Indirect costs related to equipment are tougher to predict.
    Fuel consumption can vary greatly
    Repairs are often unexpected.

    OVERHEAD COST: expenses that support the operation of a business.
    · Rent for facilities, utilities, advertising, property taxes, storage, insurance on buildings, office expenses and other "behind the scenes" costs that in some cases take place simply because time went by.
    · Take place even when no work was done.

    Direct costs happen when work is done and labor is applied. The workers come in to work, and as soon as they turn the key in the ignition, direct costs and indirect costs follow them and stay with them all day.

    Overhead items of expense that support the operation.

    ANALYZING JOB COSTS. Labor and indirect costs represent the bulk of expense for most contractors and dwarf true overhead costs by comparison.

    Remember ==> BASE your price on these cost + a fair profit ..... don't BID a job based on what the other guy got or what your buddy is getting .... adjust your price as your cost adjust & grow ..... grow sound & fair a good reliable service & you will succeed
  5. woodycrest

    woodycrest LawnSite Senior Member
    Messages: 435

    What is considered a 'fair profit'?
  6. Fantasy Lawns

    Fantasy Lawns LawnSite Bronze Member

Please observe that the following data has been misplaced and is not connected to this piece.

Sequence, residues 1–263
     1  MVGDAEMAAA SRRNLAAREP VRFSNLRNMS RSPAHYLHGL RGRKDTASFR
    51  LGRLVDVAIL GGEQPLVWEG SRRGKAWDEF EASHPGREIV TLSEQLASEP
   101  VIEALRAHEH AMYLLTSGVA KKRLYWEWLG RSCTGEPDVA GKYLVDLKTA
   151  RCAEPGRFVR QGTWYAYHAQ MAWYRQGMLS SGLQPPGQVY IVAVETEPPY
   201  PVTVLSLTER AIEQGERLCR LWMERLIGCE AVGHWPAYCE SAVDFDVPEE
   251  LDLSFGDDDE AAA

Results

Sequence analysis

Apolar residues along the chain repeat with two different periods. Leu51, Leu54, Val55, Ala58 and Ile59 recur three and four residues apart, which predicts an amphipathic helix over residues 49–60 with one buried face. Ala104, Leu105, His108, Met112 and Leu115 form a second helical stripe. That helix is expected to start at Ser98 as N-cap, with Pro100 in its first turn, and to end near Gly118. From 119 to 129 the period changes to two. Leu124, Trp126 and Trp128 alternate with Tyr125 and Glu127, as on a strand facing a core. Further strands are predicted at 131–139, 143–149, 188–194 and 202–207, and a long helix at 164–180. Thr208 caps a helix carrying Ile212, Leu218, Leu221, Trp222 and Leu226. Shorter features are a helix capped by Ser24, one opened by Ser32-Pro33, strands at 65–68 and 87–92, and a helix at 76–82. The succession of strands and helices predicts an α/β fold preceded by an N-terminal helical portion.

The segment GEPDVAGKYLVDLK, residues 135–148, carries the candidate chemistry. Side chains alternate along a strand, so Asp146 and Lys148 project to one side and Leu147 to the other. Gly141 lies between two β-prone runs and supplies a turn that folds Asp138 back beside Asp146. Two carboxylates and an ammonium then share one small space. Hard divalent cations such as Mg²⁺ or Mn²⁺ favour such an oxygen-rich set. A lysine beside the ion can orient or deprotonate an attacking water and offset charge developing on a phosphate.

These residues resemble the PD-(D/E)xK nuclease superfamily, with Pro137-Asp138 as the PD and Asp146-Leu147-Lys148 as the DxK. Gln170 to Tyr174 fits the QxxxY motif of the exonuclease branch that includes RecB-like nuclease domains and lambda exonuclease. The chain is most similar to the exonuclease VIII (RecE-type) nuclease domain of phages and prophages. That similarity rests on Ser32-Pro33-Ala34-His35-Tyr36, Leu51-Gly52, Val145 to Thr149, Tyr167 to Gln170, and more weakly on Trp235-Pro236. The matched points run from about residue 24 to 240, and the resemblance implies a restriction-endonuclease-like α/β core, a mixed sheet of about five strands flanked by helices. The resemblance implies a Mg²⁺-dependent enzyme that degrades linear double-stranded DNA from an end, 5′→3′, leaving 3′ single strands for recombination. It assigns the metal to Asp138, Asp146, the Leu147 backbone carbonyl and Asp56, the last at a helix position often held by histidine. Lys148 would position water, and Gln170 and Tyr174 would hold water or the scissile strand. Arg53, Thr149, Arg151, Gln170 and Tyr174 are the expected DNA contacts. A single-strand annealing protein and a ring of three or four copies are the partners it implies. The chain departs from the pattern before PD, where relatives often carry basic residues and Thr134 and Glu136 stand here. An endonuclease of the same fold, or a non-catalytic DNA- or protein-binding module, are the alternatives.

Messages: 1,912

    Fair Profit ..... fore me is 10-15% of Gross .... this is NOT my Salary .... that is part of the gross ..... in reality .... my companies "Profit" last year was 5.8% .... but I also paid off $30K of debt
  7. walker-talker

    walker-talker LawnSite Platinum Member
    from Midwest
    Messages: 4,771

    Definetely track your time on the job and not just in your head. Everyday I head out, I print a route list. Has the order of the jobs with names and addresses. I write down my start time and stop time. I can figure how much I spend driving on the route. Take notes like, "talked to client 10 minutes". Write your starting and ending mileage on your vehicle. Figure how much gas your mower eats per hour. Figure gas mileage on your vehicle. I have even gone as far document how much time mowing, edging, trimming and blowing on each job. Do this and compare it to your estimates. Now, when I go and give an estimate I estimate each of these jobs. Add them together to get the total time spent on a job and multiply that by your minute charge. Last year I did pretty good and documented about 75% of the time. At the end of the year add them all up and come up with an average and adjust charges for the following year. It came become tedious, but such is business......just the nature of the to speak.

    Good luck
  8. RyanD

    RyanD LawnSite Member
    Messages: 178

    Can I piggy back on this and ask how you figure expenses that are a monthly charge such as insure for truck or truck payment? Or how about yearly expenses for liability insurance? It is pretty easy to figure out how much you are going to spend on gasoline in a hour but on liability insurance?
  9. tinman

    tinman LawnSite Bronze Member
    from ga
    Messages: 1,346

    Get a stop watch...definitely
  10. ArizPestWeed

    ArizPestWeed LawnSite Bronze Member
    Messages: 1,457

    Just send me a thousand dollars and I'll figure it out for ya